Not the Cubs' year -- but soon, it might be

Kirk Wessler

Did someone predict this would be The Year of the Cub?

Why, yes. Someone did. Some guy with a brain cramp. Or a foolish tongue. Or whose fingers committed felony typo.

That’s it!

I should have called this The Year of the Flub.

Sorry, that was mean. And I am finding it increasingly difficult to be mean to people who are on the brink of 100 years — that’s right, count ’em like bottles of beer falling off the walls of every Irish pub in Wrigleyville: one-freaking-hundred years — of playing and hoping and cheering for something that never happens.

It would be easy — oh, so pre-school easy — to ridicule Aramis Ramirez for flailing at balls three feet wide of the strike zone. Simple — so Dick-and-Jane simple — to rip on Rich Hill for bunting miserably with two men on base and one out. And elementary — so one-plus-one-equals-two elementary — to call Alfonso Soriano the Invisible Man, or even $136 million of choke.

It’s easy to boo, too.

But easy isn’t right here. Easy misses the point.

Yes, Chicago lost 5-1 Saturday night to the Arizona Diamondbacks and became the first team eliminated from the 2007 playoffs. But what are we to make of that?

Some will say the Cubs simply weren’t a particularly good team. They will not be wrong. But neither were the Diamondbacks this season particularly good. They were simply good enough to win the National League West, and then good enough to beat the Cubs, who had been good enough to win the NL Central.

Fact is, the St. Louis Cardinals of 2006 weren’t very good at all. Until October. Then they were very, very good enough to win the World Series.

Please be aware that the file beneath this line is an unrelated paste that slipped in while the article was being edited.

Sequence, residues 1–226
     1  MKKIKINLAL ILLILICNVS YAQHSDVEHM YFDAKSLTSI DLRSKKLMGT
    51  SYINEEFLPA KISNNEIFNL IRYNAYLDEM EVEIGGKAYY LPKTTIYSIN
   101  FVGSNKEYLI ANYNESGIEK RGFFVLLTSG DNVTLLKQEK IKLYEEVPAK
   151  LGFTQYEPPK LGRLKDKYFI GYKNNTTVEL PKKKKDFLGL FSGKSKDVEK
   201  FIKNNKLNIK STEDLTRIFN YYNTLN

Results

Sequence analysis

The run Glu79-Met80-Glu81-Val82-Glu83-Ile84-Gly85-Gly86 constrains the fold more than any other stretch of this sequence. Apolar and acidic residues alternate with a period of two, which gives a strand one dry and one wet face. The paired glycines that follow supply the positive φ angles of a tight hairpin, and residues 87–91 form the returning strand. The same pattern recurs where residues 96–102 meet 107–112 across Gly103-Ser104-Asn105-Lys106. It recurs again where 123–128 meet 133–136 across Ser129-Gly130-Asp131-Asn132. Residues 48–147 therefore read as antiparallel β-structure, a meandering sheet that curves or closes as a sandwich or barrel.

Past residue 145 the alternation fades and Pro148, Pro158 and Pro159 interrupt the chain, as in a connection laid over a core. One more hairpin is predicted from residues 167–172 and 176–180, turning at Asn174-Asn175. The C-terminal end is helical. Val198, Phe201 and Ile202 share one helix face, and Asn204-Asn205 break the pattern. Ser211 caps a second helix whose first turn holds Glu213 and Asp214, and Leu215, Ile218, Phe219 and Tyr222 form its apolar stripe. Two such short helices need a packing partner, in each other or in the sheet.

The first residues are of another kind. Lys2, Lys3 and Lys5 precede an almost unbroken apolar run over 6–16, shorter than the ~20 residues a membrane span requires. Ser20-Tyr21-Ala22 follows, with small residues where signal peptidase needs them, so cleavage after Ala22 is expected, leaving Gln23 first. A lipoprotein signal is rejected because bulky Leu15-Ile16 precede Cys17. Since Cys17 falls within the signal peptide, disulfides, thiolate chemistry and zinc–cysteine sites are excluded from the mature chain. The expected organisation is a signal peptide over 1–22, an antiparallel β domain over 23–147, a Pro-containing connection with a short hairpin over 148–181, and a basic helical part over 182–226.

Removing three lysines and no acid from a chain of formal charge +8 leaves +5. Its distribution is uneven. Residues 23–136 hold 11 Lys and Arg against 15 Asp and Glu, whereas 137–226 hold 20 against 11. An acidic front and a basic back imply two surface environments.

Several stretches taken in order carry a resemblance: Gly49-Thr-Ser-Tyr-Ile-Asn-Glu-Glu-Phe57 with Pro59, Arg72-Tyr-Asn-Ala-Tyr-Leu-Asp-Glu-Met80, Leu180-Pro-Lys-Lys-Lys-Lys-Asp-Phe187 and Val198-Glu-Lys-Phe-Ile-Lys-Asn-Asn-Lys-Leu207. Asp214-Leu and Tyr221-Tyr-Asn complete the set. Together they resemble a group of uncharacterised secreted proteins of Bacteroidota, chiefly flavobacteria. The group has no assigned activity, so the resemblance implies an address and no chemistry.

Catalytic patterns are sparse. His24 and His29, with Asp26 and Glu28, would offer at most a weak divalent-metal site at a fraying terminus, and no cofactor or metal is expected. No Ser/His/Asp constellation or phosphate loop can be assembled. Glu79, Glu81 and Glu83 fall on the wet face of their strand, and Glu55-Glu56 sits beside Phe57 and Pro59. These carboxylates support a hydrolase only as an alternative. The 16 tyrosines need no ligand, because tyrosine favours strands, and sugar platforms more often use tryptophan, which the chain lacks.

This stuff happens.

The Cubs did not hit very well in this series. They didn’t take advantage of the gifts Arizona pitcher Livan Hernandez wrapped for them Saturday: five walks and a hit batsman. They didn’t capitalize on the error committed by the D-backs’ otherwise-spectacular shortstop, Stephen Drew, who by the way was everything but spectacular for most of the season.

But maybe that’s because Arizona’s pitchers rose to the occasion. Or maybe that’s because Arizona’s defense Saturday night turned four double plays. Maybe a lot of things happened that had nothing to do with anything other than one team just played better than the other.

Look, the disappointment is understandable.

"But you know," Cubs manager Lou Piniella said, "no matter how far you go up the ladder in baseball, (if) you don’t win a World Series you’re going to find disappointment somewhere along the way."

If you’re a Cubs fan, you know all about disappointment. You also know playoff opportunities haven’t come around very often in your lifetime, so it sure would be nice if they lasted longer than a nap. Now, you’re probably wondering how long you’ll have to wait before the Cubs get even this far again.

Not very long, I’d say.

First, there’s the little, overlooked fact that this was the Cubs’ third postseason appearance in the past 10 years. That doubled the postseason resume they had compiled in the previous 53 years. I think that’s called progress.

Then there’s the commitment to spending money to get good players. That’s a good thing, as long as they’re the right players.

Mostly, though, there’s Piniella’s understanding this shouldn’t be a one-time shot. The best way to win a championship is to give yourself a real chance every season. It’s a process.

"This is just the start, fellas," Piniella said. "We’re going to get better."

I believe him. It’s as true as his assessment of the Cubs’ loss in this series.

"Our team tried," he said. "We just didn’t get it done. And that’s really the end of the story."

Or maybe it’s just the beginning.

KIRK WESSLER is Journal Star executive sports editor/columnist. Write to him at 1 News Plaza, Peoria, IL 61643, call (309) 686-3216 or e-mail to kwessler@pjstar.com.